Nacogdoches ISD addresses Hispanic community's concerns in regar - KTRE.com | Lufkin and Nacogdoches, Texas

Nacogdoches ISD addresses Hispanic community's concerns in regard to immigration issues

Nacogdoches ISD reports some Hispanic parents were scared to send their children to school with reports and rumors of immigration officials in town. (Source: KTRE Staff) Nacogdoches ISD reports some Hispanic parents were scared to send their children to school with reports and rumors of immigration officials in town. (Source: KTRE Staff)
Educators and parents are working together to make sure Hispanic communities have the facts about immigration laws. (Source: KTRE Staff) Educators and parents are working together to make sure Hispanic communities have the facts about immigration laws. (Source: KTRE Staff)
A public meeting was held last week. About 200 attended. District and concerned parents believe trust is building. (Source: KTRE Staff) A public meeting was held last week. About 200 attended. District and concerned parents believe trust is building. (Source: KTRE Staff)
Cuenta Conmigo is a group started by NISD designed to engage parents with students’ activities. It is now addressing the immigration issue due to increased absenteeism among Hispanics and Latinos. (Source; KTRE Staff) Cuenta Conmigo is a group started by NISD designed to engage parents with students’ activities. It is now addressing the immigration issue due to increased absenteeism among Hispanics and Latinos. (Source; KTRE Staff)
NACOGDOCHES, TX (KTRE) -

Some Nacogdoches residents who are from Mexico and other Central American countries say fear is widespread in their neighborhoods and communities.

East Texas News spoke with those residents about the root causes Monday and how that fear is impacting school attendance.

Images of immigration agents conducting targeted enforcement operations across the country and state, including East Texas, can be seen on the news. An ICE spokesman confirmed similar arrests happened in Nacogdoches within the last three weeks.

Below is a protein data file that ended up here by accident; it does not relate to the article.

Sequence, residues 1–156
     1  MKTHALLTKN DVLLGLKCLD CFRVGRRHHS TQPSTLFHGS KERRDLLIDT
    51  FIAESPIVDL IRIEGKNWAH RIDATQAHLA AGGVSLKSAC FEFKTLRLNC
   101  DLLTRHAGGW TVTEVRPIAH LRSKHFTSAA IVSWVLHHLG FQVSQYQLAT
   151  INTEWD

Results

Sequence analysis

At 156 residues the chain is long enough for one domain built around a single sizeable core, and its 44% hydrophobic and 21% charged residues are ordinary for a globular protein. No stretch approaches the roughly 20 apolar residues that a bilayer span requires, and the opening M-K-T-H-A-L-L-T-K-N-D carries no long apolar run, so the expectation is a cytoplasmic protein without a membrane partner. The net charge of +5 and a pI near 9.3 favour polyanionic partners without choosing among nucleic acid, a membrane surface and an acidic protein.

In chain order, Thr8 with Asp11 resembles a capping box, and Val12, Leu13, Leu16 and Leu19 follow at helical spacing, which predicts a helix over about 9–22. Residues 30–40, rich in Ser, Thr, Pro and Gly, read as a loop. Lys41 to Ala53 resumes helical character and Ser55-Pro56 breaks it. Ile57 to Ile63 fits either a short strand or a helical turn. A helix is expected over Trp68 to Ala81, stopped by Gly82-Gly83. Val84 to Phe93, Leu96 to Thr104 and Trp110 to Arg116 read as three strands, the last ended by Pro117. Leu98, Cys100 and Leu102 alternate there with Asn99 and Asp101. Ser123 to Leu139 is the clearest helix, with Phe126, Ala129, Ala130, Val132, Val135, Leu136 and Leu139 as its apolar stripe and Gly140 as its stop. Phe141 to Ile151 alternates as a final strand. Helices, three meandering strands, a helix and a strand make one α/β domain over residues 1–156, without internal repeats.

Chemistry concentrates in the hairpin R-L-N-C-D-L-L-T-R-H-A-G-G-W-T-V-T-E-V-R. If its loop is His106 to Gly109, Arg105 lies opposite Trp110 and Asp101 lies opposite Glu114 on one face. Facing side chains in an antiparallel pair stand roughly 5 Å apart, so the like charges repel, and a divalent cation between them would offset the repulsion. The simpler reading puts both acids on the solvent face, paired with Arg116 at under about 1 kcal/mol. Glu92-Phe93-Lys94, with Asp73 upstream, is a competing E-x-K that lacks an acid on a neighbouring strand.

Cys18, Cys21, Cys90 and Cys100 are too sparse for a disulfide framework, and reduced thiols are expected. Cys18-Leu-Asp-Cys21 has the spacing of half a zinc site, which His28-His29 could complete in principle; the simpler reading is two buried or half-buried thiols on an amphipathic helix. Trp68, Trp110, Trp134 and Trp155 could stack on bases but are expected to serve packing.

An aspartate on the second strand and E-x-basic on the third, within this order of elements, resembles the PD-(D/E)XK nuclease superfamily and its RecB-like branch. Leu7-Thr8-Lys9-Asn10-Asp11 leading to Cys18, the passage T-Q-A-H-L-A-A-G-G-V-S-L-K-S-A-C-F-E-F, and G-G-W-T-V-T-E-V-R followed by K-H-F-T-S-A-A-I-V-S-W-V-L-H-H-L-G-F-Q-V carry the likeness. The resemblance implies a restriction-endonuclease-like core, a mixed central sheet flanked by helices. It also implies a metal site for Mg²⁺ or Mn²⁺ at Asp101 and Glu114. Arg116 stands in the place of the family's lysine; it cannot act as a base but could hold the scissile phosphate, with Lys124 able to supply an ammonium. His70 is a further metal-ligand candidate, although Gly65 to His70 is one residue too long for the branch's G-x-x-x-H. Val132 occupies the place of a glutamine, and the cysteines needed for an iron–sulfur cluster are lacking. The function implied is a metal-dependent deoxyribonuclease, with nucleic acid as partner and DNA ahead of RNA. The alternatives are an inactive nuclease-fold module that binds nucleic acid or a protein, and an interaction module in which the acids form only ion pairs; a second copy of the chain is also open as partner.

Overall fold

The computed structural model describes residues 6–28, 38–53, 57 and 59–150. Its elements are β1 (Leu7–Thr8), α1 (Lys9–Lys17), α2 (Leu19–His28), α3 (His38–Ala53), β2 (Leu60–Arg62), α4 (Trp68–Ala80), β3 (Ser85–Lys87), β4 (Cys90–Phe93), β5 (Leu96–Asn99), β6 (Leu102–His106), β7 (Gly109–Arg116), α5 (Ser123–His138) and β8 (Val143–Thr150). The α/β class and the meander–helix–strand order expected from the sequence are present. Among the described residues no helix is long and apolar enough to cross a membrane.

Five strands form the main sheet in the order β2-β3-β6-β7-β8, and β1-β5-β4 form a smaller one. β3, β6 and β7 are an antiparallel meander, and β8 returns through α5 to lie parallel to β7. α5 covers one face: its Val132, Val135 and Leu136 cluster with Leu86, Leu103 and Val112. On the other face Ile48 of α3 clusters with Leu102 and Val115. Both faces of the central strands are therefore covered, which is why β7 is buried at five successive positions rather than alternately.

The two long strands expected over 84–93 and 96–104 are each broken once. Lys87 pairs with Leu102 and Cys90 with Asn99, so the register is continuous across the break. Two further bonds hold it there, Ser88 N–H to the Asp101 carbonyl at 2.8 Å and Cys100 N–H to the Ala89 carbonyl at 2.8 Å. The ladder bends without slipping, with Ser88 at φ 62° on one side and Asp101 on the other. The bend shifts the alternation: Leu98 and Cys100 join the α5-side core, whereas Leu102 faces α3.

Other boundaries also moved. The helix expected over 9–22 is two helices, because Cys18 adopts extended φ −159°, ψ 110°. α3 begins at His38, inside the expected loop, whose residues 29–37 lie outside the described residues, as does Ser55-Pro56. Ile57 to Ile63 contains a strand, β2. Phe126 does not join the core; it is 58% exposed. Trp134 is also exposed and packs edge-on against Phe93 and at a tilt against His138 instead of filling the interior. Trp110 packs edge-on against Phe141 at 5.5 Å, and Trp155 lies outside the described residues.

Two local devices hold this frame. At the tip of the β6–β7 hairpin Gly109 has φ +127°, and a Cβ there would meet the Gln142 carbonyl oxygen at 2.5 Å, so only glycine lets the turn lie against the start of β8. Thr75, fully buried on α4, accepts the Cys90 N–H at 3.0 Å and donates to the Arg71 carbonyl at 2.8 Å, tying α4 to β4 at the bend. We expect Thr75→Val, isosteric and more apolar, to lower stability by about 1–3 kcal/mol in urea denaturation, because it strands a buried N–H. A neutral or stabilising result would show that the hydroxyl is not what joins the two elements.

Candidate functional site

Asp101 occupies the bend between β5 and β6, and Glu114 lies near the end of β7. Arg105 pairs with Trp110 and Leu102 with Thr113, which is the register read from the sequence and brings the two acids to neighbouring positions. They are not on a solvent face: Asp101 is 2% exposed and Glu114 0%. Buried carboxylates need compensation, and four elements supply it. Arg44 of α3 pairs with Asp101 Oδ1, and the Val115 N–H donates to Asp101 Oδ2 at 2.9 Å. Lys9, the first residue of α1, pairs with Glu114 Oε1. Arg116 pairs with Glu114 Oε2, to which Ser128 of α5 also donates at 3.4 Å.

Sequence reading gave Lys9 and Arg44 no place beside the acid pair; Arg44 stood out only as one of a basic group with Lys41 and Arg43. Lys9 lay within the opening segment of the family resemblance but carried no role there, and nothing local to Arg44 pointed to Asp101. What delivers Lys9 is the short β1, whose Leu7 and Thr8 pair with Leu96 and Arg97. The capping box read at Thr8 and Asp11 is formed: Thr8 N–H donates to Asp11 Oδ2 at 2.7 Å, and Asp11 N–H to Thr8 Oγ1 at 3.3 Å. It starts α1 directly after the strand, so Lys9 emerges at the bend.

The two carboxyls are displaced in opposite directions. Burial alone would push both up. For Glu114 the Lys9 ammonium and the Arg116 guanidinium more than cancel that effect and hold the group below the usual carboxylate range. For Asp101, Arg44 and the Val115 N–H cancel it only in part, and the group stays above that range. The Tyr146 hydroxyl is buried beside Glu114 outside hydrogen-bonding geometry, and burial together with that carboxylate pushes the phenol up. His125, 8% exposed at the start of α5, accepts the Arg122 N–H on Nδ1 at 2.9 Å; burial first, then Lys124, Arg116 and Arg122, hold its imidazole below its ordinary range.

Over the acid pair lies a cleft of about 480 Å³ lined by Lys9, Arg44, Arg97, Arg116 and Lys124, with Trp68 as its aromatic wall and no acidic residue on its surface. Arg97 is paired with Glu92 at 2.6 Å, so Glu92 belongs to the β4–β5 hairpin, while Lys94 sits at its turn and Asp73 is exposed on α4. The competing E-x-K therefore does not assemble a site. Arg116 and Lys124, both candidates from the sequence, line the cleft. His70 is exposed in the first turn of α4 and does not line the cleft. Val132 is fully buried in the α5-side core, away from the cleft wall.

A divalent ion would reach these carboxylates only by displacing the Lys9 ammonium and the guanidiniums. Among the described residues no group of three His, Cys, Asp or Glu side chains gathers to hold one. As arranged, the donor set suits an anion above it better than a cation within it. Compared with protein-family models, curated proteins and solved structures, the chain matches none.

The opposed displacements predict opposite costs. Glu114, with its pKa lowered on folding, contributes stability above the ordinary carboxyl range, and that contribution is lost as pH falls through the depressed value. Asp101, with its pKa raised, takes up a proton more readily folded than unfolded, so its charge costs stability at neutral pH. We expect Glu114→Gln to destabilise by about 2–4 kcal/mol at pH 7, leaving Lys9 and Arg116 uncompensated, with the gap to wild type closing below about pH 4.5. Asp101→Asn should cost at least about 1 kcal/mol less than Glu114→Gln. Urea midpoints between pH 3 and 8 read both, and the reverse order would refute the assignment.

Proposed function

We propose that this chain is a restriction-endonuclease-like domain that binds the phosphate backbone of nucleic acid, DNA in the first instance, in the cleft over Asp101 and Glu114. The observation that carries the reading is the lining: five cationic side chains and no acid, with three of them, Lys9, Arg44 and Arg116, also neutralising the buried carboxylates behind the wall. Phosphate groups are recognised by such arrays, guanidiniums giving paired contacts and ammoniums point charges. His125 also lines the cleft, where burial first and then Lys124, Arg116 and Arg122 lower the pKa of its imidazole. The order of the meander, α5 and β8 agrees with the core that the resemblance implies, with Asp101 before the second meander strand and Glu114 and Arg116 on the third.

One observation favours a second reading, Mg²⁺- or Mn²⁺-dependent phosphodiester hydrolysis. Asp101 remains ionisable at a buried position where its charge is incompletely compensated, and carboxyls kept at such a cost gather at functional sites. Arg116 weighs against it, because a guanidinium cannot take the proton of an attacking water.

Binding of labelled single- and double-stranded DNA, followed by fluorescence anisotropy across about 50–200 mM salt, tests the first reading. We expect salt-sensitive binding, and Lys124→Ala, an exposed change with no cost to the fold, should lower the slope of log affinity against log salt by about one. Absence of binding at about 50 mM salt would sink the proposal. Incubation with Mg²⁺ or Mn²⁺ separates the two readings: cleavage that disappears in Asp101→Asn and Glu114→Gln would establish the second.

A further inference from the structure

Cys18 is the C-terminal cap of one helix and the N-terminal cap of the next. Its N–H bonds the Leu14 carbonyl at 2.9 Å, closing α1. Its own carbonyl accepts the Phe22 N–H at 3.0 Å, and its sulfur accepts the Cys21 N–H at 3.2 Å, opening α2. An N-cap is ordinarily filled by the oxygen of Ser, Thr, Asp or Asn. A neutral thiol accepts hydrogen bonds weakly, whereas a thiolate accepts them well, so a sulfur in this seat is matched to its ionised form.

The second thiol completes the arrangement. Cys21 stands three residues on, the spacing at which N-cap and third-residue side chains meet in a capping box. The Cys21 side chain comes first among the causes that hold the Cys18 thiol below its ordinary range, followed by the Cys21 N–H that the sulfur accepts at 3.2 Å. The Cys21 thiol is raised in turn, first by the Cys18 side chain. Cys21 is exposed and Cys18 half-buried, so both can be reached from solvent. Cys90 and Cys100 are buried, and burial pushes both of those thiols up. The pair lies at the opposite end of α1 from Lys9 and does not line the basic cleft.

That's when parent Elizabeth Saavedra, a Cuenta Comingo committee member, began noticing panic in Hispanic neighborhoods.

"Some parents are scared,” Saavedra said. “They're scared to send their kids to school."

Saavedra tried to ease fears on her own school activity social media group page, but teachers still had empty desks and heard the concerns from parents.

"They were afraid they (ICE) were going to come into the school and take the kids away, and where are they going to be?” said Hilda Villanueva. teacher at Nettie Marshall. “And what if they were going to take the parents. What would happen to the children?”

Many of the worries are not warranted, so the district's outreach program, Cuenta Conmigo got involved.

"Cuenta Conmigo means, ‘You can count on me, trust me,” said Dalia Reyes, a Nacogdoches ISD community liaison.

Parents and educators asked Hispanic churches to help build that essential trust. It worked. A successful public meeting, all in Spanish, was held.  

"We had a good turnout. We had about 200 people that attended the meeting,” Reyes said. They were really interested and really engaged in the information."

School police provided facts on truancy laws. An attorney spoke about immigration laws. Literature on the legal dos and don'ts for a person questioned about documentation was handed out.

"Do not open the door. Please remain silent,” Saavedra said. “Do not sign anything without reading. Grab your phone. Record everything. And make a plan just in case. Be ready for it." 

School district representatives say attendance is returning to normal. Cuenta Comigo will continue its original focus to engage parents on district goals, but agreed to address other topics that concern the Hispanic community.

This week Nacogdoches ISD will schedule a second meeting on immigration concerns. 

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